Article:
• What kind of birth control do you like best?
  • Have you been tested for sexually transmitted infections (STIs)?
  • Did you test positive for any STIs, and were you treated for them?

These questions are a starting point. Odds are, as you learn more about your partner, you’ll think of more questions. Don’t be shy; ask them as they come to you.

Be upfront, even if what you like is unusual

You can’t expect a new hairdresser to know what you want and get it right with no direction, no matter how much experience they have. A bad haircut is disappointing, and sex can be, too, if communication is lacking.

Whether you’re in a new sexual relationship or you’ve been with the same person for years, it’s good to keep an open line of clear communication—what you liked once might differ from what you like now. Starting with a good communication pattern now can make it easier to change your tendencies at a later point in time.

If you’re new to sex and aren’t sure what to communicate to a partner, you have an easy and enjoyable way to find out: masturbation. Experiment on your own, so you can pass the information along to future partners. How much pressure do you like? Does one particular spot send sparks flying, or is there somewhere else you want to be touched? Is there something that turns you on more than anything else? Letting your partner know the answers to these questions will benefit both of you. Chances are, they’re worried about pleasing you just as much as you’re worried about getting it right with them.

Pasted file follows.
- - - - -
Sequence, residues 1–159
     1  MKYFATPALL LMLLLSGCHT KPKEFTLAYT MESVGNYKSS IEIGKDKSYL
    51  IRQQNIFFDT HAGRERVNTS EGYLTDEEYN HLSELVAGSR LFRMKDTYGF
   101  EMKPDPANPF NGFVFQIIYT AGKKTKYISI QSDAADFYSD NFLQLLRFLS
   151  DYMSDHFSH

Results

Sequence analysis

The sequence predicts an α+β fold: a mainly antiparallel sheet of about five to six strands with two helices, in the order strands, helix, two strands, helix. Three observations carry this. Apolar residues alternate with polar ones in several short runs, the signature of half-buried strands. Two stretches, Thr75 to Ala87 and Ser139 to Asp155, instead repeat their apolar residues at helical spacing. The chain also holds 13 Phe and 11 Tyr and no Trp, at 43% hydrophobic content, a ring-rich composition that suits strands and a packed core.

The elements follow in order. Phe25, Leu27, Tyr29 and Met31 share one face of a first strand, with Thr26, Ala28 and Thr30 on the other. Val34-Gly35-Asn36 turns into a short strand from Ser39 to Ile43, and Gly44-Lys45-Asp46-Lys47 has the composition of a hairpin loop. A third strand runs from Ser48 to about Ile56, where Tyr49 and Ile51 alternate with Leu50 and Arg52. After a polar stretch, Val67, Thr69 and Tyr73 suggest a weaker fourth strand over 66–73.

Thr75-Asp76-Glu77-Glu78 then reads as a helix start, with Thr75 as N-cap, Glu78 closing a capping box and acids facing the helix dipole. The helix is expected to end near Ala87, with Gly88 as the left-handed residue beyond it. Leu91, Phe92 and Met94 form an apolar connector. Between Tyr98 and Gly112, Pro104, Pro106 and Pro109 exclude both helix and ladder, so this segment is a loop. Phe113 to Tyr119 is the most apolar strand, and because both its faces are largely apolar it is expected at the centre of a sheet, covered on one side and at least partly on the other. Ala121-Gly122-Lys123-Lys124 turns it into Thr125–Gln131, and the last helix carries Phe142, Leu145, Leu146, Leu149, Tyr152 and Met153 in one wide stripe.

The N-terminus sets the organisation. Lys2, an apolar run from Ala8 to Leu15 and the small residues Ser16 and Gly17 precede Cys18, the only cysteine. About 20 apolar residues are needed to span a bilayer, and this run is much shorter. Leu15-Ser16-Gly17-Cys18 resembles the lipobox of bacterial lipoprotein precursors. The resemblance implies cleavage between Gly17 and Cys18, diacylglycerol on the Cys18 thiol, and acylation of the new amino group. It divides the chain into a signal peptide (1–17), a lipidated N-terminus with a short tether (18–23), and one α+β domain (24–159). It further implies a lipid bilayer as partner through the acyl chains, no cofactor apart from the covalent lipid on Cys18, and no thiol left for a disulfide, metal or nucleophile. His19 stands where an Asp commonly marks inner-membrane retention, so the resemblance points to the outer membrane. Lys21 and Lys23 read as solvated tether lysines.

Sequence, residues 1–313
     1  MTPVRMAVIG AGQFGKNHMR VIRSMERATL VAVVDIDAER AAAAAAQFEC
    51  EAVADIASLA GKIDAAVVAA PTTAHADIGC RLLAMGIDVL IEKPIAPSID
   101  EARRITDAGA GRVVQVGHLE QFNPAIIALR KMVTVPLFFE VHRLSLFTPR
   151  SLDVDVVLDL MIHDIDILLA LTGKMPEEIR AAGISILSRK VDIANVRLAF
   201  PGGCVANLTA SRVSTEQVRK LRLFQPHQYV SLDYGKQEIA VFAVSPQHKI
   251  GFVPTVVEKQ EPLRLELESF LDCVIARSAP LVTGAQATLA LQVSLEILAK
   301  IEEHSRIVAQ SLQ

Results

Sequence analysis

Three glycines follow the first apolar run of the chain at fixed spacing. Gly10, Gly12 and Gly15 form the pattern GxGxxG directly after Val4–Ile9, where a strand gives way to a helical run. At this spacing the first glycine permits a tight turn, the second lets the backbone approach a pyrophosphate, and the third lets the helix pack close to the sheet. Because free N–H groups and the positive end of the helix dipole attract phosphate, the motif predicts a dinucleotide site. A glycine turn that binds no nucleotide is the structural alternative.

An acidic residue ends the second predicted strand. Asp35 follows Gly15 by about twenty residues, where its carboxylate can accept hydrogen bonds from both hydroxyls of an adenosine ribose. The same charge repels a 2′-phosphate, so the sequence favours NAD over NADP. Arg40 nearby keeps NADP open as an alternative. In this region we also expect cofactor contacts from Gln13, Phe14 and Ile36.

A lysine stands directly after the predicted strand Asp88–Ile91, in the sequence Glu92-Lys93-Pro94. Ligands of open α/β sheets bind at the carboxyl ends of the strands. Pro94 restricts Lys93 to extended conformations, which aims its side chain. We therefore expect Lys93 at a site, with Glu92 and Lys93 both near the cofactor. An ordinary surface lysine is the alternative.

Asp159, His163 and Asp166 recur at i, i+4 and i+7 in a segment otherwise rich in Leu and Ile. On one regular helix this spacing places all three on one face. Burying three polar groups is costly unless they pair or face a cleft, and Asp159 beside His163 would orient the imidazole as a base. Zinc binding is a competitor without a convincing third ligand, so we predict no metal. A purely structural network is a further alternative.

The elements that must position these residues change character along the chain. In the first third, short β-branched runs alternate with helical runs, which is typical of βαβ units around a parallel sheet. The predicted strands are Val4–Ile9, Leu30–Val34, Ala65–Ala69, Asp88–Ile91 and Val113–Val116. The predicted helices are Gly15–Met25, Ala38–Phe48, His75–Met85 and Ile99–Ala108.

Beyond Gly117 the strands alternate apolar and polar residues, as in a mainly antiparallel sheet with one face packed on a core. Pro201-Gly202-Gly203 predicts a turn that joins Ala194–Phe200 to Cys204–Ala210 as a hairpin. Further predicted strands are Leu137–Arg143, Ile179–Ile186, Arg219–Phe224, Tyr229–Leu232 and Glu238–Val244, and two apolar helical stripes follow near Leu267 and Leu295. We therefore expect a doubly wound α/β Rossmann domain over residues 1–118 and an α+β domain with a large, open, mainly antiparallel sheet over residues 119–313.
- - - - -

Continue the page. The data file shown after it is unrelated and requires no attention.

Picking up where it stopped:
You’re up for this challenge

Communicating about sex is challenging. Your partner will always want to know whether they’re doing a good job, and the point of talking through it is to have them improve. And the last thing you want to do is hurt anyone’s feelings. Just think about how you’d feel if you were doing something and someone told you bluntly you weren’t doing it well.

When communicating during sex, be gentle. Nonverbal communication is a great way to direct your partner without having to say anything. Try guiding their hands and fingers to places you’d like them to be, show your partner what you’d like them to do. With encouragement, your partner is capable of playing you beautifully, like a musical instrument.

Remember, everyone is different. If your partner sets a boundary, respect it. If there’s something you think you might like or want to try, be open and honest about it. You might discover you and your partner both enjoy preferences that would never have come up without an open conversation.

Communication is best when established at the very beginning. However, if you find yourself in the middle of a relationship and you haven’t discussed sexual preferences, it’s never too late to sit down with your partner and have a conversation about it. Chances are, you’ve both been withholding vital information that could help you make each other much happier in bed.

Keep the lines of communication open and your relationship will prosper. And that’s a guarantee.

Written by

Ashley Skinner